by Paul Cleave
Jerry Grey is a successful crime writer, when, aged forty-nine and about to publish his thirteenth book, he is diagnosed with early-onset Alzheimer’s. In the opening pages of Trust No One Jerry attempts to confess to the murder of one of the characters in a thriller that he wrote many years ago. The poignancy of this first scene is heightened by Jerry’s failure to recognise his own daughter and his incomprehension of why he is now living in a nursing home.
With great skill Cleave takes us inside Jerry’s head as his dementia progresses. From mild but disturbing memory lapses – how could he forget his wife’s name? – through a series of journal entries as the disease advances, we share Jerry’s confusion and his states of anger, bargaining for a reprieve and denial, as well as moments of absolute lucidity. This makes reading Trust No One both challenging and rewarding. What is a real clue to the plot? What is just a misleading diversion thrown in as a symptom of Jerry’s illness?
Trust No One is far from being an easy read because just like Jerry, the dementia patient, we are forced to keep a grip and focus, focus, focus (as Jerry says) on what is happening and to readjust our view as the plot unfolds. I had to constantly remind myself that if this is what the degeneration of a mind suffering from Alzheimer’s is like, then as well as a complex plot, Trust No One is also a valuable insight into the disease. At times it may seem that Cleave has used Jerry’s Alzheimer’s as an excuse for some very peculiar behaviour, but any reader who has ever had contact with a dementia patient will know that Cleave’s portrayal of Jerry is very realistic.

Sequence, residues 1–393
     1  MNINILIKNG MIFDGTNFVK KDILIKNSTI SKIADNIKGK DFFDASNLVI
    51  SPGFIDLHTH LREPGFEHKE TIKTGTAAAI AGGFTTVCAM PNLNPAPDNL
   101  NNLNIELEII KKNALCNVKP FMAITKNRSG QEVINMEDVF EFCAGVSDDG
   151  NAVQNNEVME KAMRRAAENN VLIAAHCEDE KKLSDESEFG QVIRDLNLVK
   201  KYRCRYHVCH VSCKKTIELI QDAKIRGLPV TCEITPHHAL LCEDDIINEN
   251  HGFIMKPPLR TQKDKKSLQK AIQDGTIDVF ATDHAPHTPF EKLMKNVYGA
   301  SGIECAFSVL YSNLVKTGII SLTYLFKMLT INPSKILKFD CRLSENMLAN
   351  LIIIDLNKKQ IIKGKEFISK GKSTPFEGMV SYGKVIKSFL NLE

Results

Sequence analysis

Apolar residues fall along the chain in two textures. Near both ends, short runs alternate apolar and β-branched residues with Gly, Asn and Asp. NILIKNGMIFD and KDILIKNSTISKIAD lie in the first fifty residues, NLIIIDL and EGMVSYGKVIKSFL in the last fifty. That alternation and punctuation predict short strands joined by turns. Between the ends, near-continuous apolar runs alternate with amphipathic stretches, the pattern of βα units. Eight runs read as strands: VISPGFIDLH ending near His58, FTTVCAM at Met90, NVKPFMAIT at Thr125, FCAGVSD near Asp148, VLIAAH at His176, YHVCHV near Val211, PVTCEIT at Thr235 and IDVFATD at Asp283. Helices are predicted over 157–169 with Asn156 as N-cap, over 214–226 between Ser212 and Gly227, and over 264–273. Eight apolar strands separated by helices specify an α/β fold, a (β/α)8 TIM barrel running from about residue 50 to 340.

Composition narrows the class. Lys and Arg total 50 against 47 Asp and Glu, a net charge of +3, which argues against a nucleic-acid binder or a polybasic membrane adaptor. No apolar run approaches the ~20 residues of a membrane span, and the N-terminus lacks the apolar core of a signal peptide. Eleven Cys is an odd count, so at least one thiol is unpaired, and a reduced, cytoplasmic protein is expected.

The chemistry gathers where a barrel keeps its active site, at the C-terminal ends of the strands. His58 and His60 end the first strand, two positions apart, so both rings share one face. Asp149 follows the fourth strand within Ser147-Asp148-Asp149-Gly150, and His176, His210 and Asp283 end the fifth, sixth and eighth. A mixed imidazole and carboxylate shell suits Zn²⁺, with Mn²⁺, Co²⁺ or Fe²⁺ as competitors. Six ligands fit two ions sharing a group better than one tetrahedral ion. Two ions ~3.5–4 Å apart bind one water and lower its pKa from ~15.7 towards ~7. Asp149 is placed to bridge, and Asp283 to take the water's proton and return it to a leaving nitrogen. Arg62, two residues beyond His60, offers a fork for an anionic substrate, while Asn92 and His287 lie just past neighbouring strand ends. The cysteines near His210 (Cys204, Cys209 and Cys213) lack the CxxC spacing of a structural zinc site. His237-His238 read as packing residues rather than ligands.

Even as the body count mounts, and there are hints that Jerry really must be a killer, his sorrowful journal entries somehow kept me liking him and sharing his hope for a reprieve. At this point, my only disappointment with Trust No One is that the police are portrayed as apparently unaware that there is a serial killer in action. Trust No One is set in Christchurch but the city’s identity is so understated that it could be anywhere at all.
The story picks up pace in the latter half of the book and as it hurtles towards the end, suspense and horror are offset brilliantly with moments of wit and comedy. Provided the reader is willing to take up Cleave’s clever challenge to live Jerry’s Alzheimer’s, the twists and turns in the plot make Trust No One a thriller.
Author: Paul Cleave
Publisher: Upstart Press